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Ask An Expert: Is It Safe To Have Sex During My Period?

Ask An Expert: Is It Safe To Have Sex During My Period?

Our team of seasoned experts answer all your questions on pregnancy, delivery, children and women’s health, sexuality education and more.

Q: Is it safe to have sex during my period? Just want to be sure. Secondly, I’ve been spotting after intercourse recently. What could be the problem?

Dr. Alex Kaoranu Molukwu (OB/GYN) says:

I suppose you meant either safe from getting pregnant or contacting infection.

During menstruation, the vaginal PH is higher and less acidic than normal. The cervix is lower in its position, the OS (cervical opening) is more dilated and the endometrial lining is absent. Organisms can gain direct access to the blood stream through the numerous blood vessels supplying the womb. Therefore, there is increased risk of contracting infection during a period.

Having sexual intercourse per-se during your menstruation is relatively safe from pregnancy. However, in some cultures and religions, it is considered as dirty or unclean.

Love making during menstruation can help ease the symptoms of premenstruation syndrome (PMS). Firstly, the blood of menstruation serves as lubricant during sex thus making sex more pleasurable. Orgasm naturally releases natural pain killer thereby boosting mood and relieving uterine cramps, headaches and mild depression.

However, you are likely to contract blood borne diseases like HIV, HAPATITS B, and C. Yeast infection is also not uncommon. Some partners find the odour delightful rather than repulsive. The staining of your sheets can be well managed.

Note that there is still a chance that you can get pregnant during your period, so it is totally wrong to assume that it is absolutely safe to have sex without one form of contraception, say the pill.

Finally, your spotting after sexual intercourse will need to be thoroughly investigated by your physician. It may likely be as a result of trauma or infection in your reproductive tract. Neoplasm of the cervix must be excluded. This may be a warning sign of a neoplasm, call it cancer. Please do not neglect or disregard it. It is very important to recognize warning signs and learn what you can do to reduce your risk.

Q: Are X-rays safe during pregnancy? What types are safe and which ones should be avoided? What are the risk factors generally? Are there precautions l should insist must be taken to protect me and my baby?

Dr. Alex Kaoranu Molukwu (OB/GYN) says:      

X-ray examinations are very useful in the detection of pathology of the skeletal system as well as for detecting some disease processes in soft tissue.

Having an X-ray examination during pregnancy is generally considered safe. It is highly unlikely that a diagnostic X-ray during pregnancy will harm a developing foetus.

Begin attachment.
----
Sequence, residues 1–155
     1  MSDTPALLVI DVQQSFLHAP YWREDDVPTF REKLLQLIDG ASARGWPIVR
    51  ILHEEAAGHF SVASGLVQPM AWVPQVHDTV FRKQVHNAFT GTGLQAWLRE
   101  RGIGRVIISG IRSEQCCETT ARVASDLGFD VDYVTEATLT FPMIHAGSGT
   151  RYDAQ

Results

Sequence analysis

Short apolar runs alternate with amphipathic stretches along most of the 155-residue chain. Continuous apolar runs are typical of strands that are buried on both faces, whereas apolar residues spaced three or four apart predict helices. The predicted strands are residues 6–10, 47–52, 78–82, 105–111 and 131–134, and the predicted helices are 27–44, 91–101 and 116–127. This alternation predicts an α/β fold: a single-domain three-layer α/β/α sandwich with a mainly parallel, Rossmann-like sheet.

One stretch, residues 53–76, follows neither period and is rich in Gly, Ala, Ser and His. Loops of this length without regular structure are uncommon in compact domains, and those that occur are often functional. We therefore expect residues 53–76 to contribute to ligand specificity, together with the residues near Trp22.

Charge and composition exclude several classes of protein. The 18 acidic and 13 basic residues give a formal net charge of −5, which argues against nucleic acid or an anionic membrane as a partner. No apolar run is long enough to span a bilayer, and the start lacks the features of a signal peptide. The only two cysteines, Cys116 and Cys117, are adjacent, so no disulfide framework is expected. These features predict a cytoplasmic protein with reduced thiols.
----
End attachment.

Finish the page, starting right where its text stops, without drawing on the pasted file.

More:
Radiological examination of the arms, legs, head, and chest will not expose patient’s reproductive organs/foetus to radiation. However, low energy (soft) X-rays are not suitable in medical diagnostic application because they are totally absorbed by the body.

These days, ultrasound has become established as the method of choice in most centres/hospitals. It has the great advantage of convenience and apparent lack of any foetal or maternal hazard. The convenience and efficiency have been greatly enhanced with the development of real-time scanners.

Q: Is it normal for a girl who is just a little over 2 years old to have vaginal discharge – I mean, whitish and silky, just like that of an adult during ovulation? What could have caused it and what are the remedies?

Dr. Alex Kaoranu Molukwu (OB/GYN) says:

It is estimated that 60 – 70% of virginal discharges are normal. Vaginal discharges serve to keep the organ clean and help to prevent infection. The amount of the discharge can vary, as can the smell, colour and consistency.

Certainly, your daughter is not ovulating at the age of 2- 3 years. Your description rules out the possibility of an infection.

Any change in perineal hygiene and/or the use of bubble bath can give rise to what may be seen/appear as an abnormal discharge. Scented toilet soap or lotion may produce an abnormal discharge; in fact, parasitic infection has a similar effect.

Chemicals found in detergents, fabric softeners and feminine sprays can also produce abnormal vaginal discharge.

Wearing cotton underwear will offer a good remedy as it increases air flow and decreases moisture build up.

My advice is that you may consult your specialist if this discharge persists after good home care and appropriate measures are taken to avoid the above causative factors.

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